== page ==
Expressing Anger in a Relationship
Anger is a valid emotion that we all feel from time to time. How we express that anger can determine if it is healthy and if we get what we want from it. Many people express their anger in such a negative way, that it damages friendships, relationships and careers. In order to have a healthy relationship, it is important to recognise how you express your anger and make sure it is not damaging your relationship.
Underneath anger is hurt, frustration or fear. This is the real emotion and anger is a way of expressing this emotion. Learning to identify the emotion underlying the anger and then expressing it in an appropriate way, helps you to get what you need from that emotion rather than having people running for cover or returning fire.
It is important to realise that most people learn how to manage and express their anger when they are children and they learn their various coping mechanisms from their family. Many people then rely on those same techniques throughout their lives even if it doesn’t get them the result they want. Reflect on your past experiences and see if you can see how they are affecting your behaviour and natural coping mechanisms now.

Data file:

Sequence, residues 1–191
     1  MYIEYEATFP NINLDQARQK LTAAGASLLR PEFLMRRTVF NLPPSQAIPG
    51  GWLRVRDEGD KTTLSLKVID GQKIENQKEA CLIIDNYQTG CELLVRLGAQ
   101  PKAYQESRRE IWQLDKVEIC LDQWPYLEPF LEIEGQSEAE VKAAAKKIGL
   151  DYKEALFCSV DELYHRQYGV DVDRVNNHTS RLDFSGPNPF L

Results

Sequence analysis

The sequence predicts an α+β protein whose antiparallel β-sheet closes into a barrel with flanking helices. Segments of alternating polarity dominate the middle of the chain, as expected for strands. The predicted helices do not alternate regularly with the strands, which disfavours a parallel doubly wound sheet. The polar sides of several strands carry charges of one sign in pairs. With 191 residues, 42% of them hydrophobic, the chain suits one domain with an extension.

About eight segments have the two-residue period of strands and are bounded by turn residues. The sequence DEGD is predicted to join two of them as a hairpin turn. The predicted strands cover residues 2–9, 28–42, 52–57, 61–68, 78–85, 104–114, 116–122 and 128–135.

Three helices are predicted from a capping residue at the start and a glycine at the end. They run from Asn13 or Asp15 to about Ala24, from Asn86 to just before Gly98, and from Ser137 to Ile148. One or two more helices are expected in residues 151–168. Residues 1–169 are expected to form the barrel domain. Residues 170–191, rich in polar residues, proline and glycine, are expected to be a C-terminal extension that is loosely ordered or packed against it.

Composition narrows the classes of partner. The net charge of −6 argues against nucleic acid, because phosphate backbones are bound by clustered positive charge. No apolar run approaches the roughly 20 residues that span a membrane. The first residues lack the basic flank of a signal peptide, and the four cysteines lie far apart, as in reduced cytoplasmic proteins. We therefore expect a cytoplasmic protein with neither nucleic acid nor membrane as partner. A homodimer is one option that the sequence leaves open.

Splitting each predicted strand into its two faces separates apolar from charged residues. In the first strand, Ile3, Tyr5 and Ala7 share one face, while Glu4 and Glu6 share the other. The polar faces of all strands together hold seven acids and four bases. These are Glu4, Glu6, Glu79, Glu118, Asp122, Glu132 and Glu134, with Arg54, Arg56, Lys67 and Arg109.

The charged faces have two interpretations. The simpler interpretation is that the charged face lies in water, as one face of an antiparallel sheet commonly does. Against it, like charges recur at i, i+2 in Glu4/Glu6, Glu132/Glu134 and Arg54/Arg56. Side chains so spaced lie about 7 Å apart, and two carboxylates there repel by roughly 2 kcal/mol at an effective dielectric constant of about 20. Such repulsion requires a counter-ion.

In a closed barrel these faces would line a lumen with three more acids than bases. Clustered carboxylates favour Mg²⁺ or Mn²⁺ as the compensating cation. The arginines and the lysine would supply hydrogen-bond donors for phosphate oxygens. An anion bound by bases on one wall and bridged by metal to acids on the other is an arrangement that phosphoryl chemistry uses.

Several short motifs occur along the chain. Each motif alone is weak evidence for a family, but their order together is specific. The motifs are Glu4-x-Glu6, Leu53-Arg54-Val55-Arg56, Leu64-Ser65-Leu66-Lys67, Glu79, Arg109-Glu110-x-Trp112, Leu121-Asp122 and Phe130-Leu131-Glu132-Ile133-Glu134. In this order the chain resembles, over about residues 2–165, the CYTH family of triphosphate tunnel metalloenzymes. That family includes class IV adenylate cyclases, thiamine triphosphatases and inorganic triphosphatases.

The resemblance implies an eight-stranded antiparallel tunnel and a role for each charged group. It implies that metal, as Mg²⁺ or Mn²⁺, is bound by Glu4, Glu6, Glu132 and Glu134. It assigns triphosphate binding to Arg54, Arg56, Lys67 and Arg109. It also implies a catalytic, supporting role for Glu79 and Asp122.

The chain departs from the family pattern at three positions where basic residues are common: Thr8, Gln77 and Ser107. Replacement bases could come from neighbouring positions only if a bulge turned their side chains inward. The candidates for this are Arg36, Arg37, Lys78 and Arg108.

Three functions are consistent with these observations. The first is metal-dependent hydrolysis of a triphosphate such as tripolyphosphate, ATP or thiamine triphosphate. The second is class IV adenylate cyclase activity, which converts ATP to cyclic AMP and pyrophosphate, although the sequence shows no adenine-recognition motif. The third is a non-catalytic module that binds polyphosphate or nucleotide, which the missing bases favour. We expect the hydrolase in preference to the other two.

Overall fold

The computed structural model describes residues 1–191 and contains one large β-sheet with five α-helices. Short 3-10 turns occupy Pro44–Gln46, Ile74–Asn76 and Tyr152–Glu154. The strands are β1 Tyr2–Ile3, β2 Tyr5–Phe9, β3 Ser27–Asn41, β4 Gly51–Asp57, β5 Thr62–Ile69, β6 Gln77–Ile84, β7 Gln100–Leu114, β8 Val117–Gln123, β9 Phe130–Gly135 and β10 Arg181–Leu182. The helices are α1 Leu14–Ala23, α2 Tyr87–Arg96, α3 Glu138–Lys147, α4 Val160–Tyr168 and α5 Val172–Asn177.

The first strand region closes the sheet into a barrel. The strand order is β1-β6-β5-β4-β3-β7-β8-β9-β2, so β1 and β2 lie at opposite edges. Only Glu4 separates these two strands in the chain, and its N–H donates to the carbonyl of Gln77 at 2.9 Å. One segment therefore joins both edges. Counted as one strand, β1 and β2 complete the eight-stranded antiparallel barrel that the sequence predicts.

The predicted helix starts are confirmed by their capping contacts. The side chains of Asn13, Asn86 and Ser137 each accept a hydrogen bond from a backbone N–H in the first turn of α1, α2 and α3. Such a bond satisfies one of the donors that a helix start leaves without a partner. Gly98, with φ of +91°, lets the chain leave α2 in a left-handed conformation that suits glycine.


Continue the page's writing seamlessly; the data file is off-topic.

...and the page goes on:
Before you decide to express your angry feelings, decide if it is worth being angry about. One common reason people get angry often is because of their expectations. We all have a life code that we tend to live by and expect everyone else to behave accordingly and by the same rules. Any time you use the word “should” or “ought” stop and think about whether it is your expectation that you are placing on someone else or the situation or is in fact a valid requirement.
This is something that I see frequently when people talk to me about managing their ‘road rage’. Common phrases they will use are “the person cut in and should have waited their turn”, “they should be driving faster in the right lane”, “they should be letting people merge”. These are all probably valid statements, but they are based on your expectations and wants. They may actually hold little meaning to some other road users even though in your eyes this is inappropriate behaviour.
Sure it would be great if everyone thought the same way as we did when driving, but the reality is they don’t. If you react to the ‘should’ statement, then chances are the other driver is gone and enjoying their day while you are stewing and ruining yours. I’m not suggesting you need to ignore everyone that upsets you, just decide if it is worth reacting to.